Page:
Even then, if it weren’t for the pairing of John Mulaney and Andy Samberg, I don’t think that the film would probably be near as watchable as it is, because of how well the two of them work with each other. As expected with Andy Samberg and Akiva Schaffer bringing what they can as part of the Lonely Island team, it’s always fun hearing Samberg’s voice shining through as the always energetic Dale with Mulaney playing the perfect contrast as the cynical Chip, remaining within an era that’s long gone. By that point, it’s where Chip ‘n Dale: Rescue Rangers starts to feel less like a nostalgia-filled reboot in the same sense that all of Disney’s past live-action remakes have felt, but ultimately, I’m not seeing much else of substance to be taken from there.

I think that with Disney at the helm, you can’t really make this film into a truly parodical one – and it’s also the biggest problem that I have with how the villain of this story is crafted. The film’s villain is none other than Sweet Pete, a supposedly grown up Peter Pan played by Will Arnett, and it’s hard to really see the film featuring said character in the villain role as a vilification of the actor who played Peter Pan in Disney’s own animated classic, Bobby Driscoll. Even if this wasn’t an intentional mistake on the part of the filmmakers, it still can’t be helped but felt that the parallels found are incredibly tasteless, given the tragic history of Driscoll following his tenure at Disney, but it’s even worse when you’re considering the supposed allegory that he serves: in which those who make mockbusters to cash in on famous Disney characters are a part of a scheme akin to human trafficking.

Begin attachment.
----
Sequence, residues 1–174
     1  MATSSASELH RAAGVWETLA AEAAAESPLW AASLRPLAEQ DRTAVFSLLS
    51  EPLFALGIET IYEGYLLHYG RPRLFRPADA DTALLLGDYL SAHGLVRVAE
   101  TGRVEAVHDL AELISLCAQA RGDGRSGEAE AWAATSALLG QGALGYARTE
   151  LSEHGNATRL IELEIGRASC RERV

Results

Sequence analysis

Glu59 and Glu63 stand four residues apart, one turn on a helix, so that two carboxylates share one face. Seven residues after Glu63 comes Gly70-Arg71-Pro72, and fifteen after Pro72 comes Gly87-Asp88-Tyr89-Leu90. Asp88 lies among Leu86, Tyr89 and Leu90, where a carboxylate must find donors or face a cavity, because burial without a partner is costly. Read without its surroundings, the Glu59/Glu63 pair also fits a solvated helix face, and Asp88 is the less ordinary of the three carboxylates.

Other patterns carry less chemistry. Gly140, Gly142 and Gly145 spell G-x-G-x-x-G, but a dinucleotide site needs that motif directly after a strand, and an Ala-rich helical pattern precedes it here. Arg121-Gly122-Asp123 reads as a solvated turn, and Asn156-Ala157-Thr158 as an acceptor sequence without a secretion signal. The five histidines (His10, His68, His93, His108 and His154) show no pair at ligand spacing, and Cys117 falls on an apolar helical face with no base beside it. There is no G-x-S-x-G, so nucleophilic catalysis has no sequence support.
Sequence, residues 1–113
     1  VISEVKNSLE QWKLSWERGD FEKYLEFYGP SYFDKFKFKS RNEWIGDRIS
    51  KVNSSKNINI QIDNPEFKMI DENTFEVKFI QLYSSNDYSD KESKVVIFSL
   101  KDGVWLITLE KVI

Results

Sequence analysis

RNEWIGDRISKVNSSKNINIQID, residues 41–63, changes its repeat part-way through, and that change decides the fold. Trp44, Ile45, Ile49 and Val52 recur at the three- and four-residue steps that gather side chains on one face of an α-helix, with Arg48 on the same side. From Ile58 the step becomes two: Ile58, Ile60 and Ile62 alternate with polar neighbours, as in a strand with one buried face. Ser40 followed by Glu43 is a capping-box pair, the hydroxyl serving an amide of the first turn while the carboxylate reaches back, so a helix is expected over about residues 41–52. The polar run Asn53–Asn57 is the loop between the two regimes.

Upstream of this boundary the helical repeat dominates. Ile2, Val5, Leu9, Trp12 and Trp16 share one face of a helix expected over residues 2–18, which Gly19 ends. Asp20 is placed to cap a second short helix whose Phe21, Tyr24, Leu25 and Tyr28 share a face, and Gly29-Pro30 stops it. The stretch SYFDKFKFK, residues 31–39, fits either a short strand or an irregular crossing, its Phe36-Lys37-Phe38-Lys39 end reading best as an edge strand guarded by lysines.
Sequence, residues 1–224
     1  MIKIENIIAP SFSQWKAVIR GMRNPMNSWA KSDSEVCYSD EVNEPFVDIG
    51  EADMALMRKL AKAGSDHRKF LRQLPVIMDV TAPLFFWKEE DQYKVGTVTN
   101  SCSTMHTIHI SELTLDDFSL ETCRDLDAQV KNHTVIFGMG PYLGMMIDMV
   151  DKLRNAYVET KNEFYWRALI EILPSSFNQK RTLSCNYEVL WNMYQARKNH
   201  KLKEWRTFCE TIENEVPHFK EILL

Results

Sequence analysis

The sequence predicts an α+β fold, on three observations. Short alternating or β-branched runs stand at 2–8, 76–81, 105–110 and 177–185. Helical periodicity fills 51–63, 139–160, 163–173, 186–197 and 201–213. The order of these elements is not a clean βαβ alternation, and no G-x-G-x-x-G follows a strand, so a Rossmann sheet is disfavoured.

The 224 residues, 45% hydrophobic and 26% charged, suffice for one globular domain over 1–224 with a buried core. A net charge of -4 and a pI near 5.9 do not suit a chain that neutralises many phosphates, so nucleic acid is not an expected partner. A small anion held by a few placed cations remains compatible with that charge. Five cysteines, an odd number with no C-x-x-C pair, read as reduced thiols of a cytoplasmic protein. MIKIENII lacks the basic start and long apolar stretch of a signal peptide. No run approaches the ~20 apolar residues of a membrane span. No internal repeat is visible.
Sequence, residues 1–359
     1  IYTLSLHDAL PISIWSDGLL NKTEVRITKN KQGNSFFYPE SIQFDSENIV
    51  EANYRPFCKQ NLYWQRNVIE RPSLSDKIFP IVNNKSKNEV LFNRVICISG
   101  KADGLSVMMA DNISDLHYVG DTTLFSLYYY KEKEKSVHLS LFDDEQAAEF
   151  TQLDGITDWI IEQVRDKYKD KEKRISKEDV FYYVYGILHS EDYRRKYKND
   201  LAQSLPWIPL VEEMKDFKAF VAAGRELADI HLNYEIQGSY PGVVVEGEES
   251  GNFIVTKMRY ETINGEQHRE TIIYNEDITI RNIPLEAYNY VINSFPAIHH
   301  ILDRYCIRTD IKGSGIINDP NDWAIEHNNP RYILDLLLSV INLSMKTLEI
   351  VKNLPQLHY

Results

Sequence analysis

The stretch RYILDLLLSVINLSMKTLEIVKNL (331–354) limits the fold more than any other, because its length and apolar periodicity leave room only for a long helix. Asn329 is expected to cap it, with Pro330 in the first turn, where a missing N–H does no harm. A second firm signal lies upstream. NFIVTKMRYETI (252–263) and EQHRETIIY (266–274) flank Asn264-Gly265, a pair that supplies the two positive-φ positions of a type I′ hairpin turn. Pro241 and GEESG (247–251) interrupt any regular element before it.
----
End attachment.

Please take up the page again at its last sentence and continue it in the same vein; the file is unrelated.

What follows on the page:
While it’s easy to give Chip ‘n Dale: Rescue Rangers the credit it deserves for being more than your average nostalgia reboot courtesy of Disney, its attempts at satire are ultimately brought down by none other than the studio that made this possible in the first place. Some really funny moments come about, but if this were supposedly a satire on the film industry’s treatment of animation as a medium (especially Disney’s own, for the matter), it can’t be helped but felt as if it’s just an incredibly toothless satire all around. For what it’s worth, you could probably find a better commentary of this sort through Netflix’s own BoJack Horseman series – because Who Framed Roger Rabbit this film certainly is not. You can give credit to Disney for attempting to be self-aware, but to that end, even they take themselves way too seriously.


Watch the trailer right here.

All images via Disney.


Directed by Akiva Schaffer
Screenplay by Dan Gregor, Doug Mand, based on the Disney television series
Produced by David Hoberman, Todd Lieberman
Starring John Mulaney, Andy Samberg, KiKi Layne, Will Arnett, Eric Bana, Flula Borg, Dennis Haysbert, Keegan-Michael Key, Tress MacNeille, Tim Robinson, Seth Rogen, J.K. Simmons
Running Time: 97 minutes
Release Date: May 20, 2022